Google Search scratches its brain 500 million times a day

On a daily basis, 15 percent of queries submitted have never been seen before by Google's search engine.

Dan Farber
2 min read
Google Search receives 500 million never-before-seen queries per day. Dan Farber

Google's search engine is powerful, but not all-knowing. Every month Google processes 100 billion queries, and typically returns results with microsecond speed. However, on a fairly regular basis, Google's search engine has to think a bit harder to render a result. On a daily basis, 15 percent of queries submitted -- 500 million -- have never been seen before by Google's search engine, and that has continued for the nearly 15 years the company has existed, according to John Wiley, the lead designer for Google Search.

"We have to solve that problem," an understated Wiley said in an interview with Bloomberg TV.

In the process of trying to know more and reduce the 15 percent of new, previously unread or unheard queries, Google crawls 20 billion Web sites per day in search of new data that it can turn into results.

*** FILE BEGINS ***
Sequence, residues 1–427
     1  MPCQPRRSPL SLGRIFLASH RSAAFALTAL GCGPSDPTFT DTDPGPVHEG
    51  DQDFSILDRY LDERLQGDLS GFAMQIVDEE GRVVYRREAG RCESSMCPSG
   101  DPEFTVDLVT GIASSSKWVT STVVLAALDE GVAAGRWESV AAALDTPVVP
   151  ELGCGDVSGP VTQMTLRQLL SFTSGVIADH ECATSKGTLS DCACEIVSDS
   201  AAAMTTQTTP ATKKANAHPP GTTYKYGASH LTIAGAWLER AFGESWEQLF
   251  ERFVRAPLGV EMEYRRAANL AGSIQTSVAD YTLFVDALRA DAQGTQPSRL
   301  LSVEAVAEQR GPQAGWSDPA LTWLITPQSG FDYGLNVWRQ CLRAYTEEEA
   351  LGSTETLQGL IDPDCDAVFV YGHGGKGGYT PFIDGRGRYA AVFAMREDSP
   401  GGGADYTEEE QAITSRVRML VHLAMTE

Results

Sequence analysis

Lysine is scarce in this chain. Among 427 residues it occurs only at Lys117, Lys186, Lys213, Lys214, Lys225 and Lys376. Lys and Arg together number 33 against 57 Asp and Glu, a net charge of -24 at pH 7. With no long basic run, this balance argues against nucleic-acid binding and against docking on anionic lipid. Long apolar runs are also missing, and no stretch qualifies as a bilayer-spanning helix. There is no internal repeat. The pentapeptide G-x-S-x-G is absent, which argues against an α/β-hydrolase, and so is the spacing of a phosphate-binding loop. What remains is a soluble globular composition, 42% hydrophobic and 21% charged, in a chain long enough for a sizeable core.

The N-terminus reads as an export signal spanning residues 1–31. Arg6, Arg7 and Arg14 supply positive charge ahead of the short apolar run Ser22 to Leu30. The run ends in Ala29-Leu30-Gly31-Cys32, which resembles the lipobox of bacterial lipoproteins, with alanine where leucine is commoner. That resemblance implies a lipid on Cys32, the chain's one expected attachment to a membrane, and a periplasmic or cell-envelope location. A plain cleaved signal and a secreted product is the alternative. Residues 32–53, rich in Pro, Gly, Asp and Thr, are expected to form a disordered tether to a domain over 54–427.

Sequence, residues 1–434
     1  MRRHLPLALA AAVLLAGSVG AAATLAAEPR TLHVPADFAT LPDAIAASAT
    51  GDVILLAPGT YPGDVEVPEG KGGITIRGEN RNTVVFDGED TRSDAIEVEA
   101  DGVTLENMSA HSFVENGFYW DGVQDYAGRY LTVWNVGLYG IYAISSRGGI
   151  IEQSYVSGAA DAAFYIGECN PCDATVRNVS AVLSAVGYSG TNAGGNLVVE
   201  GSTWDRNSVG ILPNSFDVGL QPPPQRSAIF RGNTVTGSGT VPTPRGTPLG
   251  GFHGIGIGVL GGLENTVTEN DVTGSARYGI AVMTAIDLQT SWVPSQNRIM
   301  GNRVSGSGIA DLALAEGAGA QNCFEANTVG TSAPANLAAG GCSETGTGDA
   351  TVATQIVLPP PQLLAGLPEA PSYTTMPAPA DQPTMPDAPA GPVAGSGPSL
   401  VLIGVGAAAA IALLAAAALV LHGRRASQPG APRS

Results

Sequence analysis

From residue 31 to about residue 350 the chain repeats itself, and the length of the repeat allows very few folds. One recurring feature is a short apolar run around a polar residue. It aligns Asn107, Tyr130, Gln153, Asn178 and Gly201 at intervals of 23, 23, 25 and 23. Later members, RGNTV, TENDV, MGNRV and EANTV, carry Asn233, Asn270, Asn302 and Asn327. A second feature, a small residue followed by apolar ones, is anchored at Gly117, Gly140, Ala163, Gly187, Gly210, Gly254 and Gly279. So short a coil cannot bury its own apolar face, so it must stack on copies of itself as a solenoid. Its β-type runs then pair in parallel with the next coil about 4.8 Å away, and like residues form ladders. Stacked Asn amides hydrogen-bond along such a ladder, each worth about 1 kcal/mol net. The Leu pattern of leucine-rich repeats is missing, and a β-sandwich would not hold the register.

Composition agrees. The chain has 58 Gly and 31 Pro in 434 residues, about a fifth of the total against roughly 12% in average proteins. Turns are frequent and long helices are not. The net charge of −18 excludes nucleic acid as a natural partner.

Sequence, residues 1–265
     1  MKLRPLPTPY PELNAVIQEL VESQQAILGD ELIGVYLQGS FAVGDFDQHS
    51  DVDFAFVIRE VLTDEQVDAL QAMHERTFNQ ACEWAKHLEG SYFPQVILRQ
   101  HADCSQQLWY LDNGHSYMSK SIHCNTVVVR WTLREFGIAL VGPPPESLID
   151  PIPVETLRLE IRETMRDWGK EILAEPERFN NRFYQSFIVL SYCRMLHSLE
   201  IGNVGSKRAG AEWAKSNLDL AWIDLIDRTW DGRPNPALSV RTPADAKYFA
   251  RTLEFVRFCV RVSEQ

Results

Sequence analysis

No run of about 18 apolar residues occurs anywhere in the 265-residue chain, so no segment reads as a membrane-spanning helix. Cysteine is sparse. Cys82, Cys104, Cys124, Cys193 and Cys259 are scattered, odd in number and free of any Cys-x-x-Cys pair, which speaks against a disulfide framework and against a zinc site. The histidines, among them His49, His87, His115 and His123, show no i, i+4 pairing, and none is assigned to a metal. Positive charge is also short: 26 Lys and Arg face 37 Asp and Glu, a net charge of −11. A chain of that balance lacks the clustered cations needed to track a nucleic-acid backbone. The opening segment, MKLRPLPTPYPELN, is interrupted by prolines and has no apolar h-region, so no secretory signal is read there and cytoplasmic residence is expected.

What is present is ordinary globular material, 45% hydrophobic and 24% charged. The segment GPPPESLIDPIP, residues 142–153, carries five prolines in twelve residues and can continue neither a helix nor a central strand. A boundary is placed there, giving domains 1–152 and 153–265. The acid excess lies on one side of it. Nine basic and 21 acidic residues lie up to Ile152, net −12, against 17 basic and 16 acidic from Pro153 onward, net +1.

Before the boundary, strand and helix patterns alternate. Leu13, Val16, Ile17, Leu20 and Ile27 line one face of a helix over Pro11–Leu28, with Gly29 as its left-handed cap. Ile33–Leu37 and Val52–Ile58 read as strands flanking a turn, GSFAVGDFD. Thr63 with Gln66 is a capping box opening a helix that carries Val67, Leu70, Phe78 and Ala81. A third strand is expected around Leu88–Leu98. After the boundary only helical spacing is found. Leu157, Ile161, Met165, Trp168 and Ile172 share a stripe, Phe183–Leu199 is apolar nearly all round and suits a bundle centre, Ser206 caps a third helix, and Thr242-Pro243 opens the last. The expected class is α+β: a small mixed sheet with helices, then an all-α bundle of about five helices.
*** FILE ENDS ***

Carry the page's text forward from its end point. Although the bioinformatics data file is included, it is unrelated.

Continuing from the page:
A key part of Google's quest to reduce the percentage of unseen queries, and provide answers rather than lists of links, is the Knowledge Graph. It's a vast database that understand entities -- such as topics, people, and events -- and the connections among them, somewhat like the human brain. Knowledge Graph has more than 570 million entities and 18 billion facts about connections between them, by Google's count.

Read: Google: The future of search is Now

Knowledge Graph, which is an integral part of Google Search, can parse the meaning of a new query, but deliver more precise results than traditional search. If a user searches for "the best place to see the kings," for example, the Knowledge Graph knows about different kinds of kings. Based on the user's profile and other contextual information, Google Search could determine which "kings," such as the L.A. Kings hockey team, the user is asking about and be primed to answer more questions on the same topic.

This kind of query may not be new, but it's not easy to for Google Search to understand the user intent. Google screenshot

However, Google admits that the Knowledge Graph's actual knowledge is tiny compared with the human brain and the calculating of its estimated 100 billion neurons and 100 trillion synapses.

"Knowledge Graph has good coverage of people, places, things, and events, but there is plenty it doesn't know about. We are at 1 percent," said John Giannandrea, director of engineering for Knowledge Graph. So, between the 15 percent of unseen before queries daily and the Knowledge Graph's 1 percent solution, Google has plenty of work to do.